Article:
Carly Spenser (Carly Pope, "Elysium") tentatively answers the text of an old friend, Martin (Chris William Martin), only to learn some disturbing news about the person who haunts her dreams – her mother, Angela (Nathalie Boltt, "District 9"). Therapol, a medical research firm found Martin in an effort to contact Carly, who changed her last name after her mother went on two violent rampages that left over twenty people dead. Now Angela lies in locked in syndrome and Doctor Michael Dolos (Michael J Rogers, "We're All Going to the World's Fair") wants to hook Carly up to electrodes that will allow her to enter her mother’s mind and communicate with her purportedly to ensure that she is alright, but what Carly finds is “Demonic.”
Laura's Review: D
It’s been six years since writer/director Neill Blomkamp ("District 9") inflicted “Chappie” upon us and it appears he is determined to drive nails into his own coffin. Now he may be going down the Robert Zemeckis route with even less success than that filmmaker, building a film around a technology instead of fine tuning his storytelling. The volumetric capture technology (260 cameras on a grid creating the equivalent of three dimensional video) he uses for Carly’s trips inside her mother’s mind isn’t even all that impressive, giving those scenes the unreal quality of a video game. And no matter how preposterous Blomkamp’s easy-to-see-coming ‘twist,’ the film becomes so increasingly boring as it goes along, I literally was screaming ‘make this stop!’ at the screen for it’s entire last half hour.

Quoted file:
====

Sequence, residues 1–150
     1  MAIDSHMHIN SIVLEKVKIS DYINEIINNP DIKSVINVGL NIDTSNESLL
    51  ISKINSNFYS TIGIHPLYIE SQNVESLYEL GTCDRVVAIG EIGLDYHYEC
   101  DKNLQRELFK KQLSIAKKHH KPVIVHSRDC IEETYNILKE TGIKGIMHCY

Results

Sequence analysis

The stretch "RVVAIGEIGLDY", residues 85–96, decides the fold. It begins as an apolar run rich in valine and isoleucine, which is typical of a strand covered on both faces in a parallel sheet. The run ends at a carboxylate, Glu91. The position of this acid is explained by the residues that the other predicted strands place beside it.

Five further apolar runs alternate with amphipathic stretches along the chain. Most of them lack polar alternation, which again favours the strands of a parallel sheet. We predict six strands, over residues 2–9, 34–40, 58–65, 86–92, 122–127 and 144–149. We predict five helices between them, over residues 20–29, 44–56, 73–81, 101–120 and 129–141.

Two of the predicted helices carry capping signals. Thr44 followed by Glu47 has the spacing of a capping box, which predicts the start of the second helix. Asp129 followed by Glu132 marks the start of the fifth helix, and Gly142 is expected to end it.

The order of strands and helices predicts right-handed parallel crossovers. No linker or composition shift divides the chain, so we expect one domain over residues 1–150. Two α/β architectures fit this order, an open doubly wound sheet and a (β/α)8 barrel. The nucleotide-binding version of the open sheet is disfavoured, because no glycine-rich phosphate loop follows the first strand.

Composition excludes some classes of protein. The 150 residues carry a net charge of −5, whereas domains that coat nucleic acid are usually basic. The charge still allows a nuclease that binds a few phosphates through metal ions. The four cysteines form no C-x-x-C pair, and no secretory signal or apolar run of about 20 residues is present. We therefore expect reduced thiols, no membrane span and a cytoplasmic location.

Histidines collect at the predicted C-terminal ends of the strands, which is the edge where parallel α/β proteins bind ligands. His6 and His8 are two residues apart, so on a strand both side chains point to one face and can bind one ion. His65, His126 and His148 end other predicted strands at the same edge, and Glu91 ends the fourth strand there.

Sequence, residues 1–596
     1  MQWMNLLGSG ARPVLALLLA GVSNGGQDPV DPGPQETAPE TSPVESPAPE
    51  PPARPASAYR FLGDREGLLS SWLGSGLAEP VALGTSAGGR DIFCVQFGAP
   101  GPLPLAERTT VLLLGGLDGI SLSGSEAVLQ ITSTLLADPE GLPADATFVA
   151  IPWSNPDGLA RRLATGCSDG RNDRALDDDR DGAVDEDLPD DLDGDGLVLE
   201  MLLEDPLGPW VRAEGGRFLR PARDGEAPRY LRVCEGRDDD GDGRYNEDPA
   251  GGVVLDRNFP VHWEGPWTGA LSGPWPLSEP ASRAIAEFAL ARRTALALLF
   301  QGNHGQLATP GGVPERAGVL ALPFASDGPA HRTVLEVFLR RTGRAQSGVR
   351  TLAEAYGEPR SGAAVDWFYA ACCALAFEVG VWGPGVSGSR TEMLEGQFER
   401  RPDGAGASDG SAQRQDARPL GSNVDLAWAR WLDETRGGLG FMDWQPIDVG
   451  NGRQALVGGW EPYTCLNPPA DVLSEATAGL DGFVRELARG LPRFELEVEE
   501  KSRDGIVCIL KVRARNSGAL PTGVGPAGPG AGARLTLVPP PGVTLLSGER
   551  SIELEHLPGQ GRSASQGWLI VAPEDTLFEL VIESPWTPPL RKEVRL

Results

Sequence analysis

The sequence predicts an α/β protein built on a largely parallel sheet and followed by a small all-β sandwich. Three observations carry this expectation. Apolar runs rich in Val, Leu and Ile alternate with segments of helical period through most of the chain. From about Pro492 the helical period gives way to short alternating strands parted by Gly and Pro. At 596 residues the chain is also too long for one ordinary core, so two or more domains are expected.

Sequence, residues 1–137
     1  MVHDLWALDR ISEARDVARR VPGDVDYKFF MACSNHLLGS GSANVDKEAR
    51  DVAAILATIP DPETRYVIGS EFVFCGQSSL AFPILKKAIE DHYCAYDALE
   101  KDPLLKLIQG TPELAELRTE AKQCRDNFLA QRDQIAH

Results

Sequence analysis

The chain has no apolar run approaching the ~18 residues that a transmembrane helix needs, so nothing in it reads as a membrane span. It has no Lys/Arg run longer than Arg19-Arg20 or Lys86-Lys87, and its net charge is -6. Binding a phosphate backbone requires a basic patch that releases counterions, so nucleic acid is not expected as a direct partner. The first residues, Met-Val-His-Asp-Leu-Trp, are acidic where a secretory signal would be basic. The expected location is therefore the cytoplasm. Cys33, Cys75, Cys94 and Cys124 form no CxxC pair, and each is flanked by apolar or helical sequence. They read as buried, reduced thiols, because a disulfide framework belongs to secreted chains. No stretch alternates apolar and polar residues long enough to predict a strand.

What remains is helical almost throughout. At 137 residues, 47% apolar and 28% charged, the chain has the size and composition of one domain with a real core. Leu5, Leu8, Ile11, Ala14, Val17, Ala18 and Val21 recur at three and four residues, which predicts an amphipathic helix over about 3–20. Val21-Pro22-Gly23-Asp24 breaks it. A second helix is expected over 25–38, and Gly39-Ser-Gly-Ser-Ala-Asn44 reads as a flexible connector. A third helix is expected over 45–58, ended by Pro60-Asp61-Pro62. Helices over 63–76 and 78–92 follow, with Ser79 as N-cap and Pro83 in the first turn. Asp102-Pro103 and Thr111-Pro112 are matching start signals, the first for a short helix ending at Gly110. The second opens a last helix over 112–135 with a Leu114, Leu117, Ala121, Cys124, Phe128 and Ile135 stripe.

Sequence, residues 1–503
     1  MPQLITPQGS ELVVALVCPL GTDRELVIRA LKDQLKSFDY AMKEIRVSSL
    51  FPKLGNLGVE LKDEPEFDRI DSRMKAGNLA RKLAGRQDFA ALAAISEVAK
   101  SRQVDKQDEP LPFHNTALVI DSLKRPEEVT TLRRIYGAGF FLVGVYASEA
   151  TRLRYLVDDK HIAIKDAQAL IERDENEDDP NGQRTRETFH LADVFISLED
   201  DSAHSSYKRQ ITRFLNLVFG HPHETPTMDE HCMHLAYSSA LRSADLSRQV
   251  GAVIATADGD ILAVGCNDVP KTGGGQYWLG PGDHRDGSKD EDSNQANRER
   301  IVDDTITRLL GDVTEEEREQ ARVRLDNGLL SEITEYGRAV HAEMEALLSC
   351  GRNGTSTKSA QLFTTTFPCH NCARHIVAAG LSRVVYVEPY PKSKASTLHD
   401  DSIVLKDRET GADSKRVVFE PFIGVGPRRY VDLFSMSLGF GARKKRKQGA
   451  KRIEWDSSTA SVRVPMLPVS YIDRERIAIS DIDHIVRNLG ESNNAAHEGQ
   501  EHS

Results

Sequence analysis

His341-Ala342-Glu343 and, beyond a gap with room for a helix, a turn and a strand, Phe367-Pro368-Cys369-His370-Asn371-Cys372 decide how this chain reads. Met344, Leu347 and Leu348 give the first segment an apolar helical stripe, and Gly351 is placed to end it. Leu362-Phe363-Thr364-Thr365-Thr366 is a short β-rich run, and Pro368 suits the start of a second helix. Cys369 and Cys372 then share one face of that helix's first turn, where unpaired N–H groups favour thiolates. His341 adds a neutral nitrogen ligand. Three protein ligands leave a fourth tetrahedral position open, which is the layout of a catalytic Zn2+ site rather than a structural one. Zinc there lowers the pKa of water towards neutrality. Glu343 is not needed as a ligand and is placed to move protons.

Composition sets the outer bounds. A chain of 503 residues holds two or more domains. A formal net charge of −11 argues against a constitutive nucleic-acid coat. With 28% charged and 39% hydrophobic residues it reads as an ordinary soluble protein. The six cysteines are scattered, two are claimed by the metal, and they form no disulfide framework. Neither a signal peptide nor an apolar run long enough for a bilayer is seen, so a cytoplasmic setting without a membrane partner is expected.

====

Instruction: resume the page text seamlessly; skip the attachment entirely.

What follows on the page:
So, after avoiding her mother for years, Carly dons her white cloth cap and goes under, walks into mom’s brain and finds Angela, the ‘self harming’ scars the doc told her about looking more like deeply carved skin adornment, and proceeds to tell the woman how much she hates her while it is very clear Angela is trying to protect her by warning her to get out. She reports back to Doros and neuroscientist Daniel (Terry Chen) that the environment was her childhood home, but it was ‘off,’ presumably because mom’s memory was faulty. But despite the fact that Carly’s been having terrible dreams (one at a remote institutional building where she encounters mom opens the film) and proceeds to have a nightmare featuring a gruesome animal totem, she’s convinced to go under again. Meanwhile, Martin and Carly’s friend Sam (Kandyse McClure) has gone missing and he’s discovered something really strange about just who owns Therapol – and other companies like it.
Despite this conspiratorial twist which sets the film on its titular ground, Blomkamp fails to conjure chills, scares or any kind of tension. The movie is like a far less successful retread of “Come True” from earlier this year and merely keeps repeating dreams and its literal mind games ad infinitum to diminishing returns, the film’s villain easy to identify from the get go. Pope can’t summon any sympathy for a woman who misses every signal the audience easily picks up on, let alone never questions what caused her mother’s psychotic break in the first place, a problem handed to her by the film’s author. The only thing demonic about “Demonic” is that apparently Blomkamp’s name can still secure distribution for self indulgent ramblings.
Robin's Review: D
IFC Midnight releases "Demonic" in theaters and everywhere you rent movies on 8/20/21.